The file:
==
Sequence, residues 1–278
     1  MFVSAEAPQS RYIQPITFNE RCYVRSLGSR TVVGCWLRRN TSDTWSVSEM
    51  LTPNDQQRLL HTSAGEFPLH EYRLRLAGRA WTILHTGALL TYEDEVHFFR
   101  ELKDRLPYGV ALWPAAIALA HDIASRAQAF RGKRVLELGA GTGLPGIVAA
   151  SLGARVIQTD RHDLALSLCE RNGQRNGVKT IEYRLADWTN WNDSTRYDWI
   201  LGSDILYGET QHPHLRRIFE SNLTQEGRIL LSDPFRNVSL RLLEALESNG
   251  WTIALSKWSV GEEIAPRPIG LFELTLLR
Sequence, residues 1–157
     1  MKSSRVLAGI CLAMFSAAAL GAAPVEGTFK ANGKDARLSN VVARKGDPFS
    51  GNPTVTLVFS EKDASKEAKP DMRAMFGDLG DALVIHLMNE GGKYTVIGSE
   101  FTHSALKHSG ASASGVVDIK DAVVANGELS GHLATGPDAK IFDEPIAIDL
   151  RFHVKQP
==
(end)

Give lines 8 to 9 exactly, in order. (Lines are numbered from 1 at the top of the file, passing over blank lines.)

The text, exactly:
Sequence, residues 1–157
     1  MKSSRVLAGI CLAMFSAAAL GAAPVEGTFK ANGKDARLSN VVARKGDPFS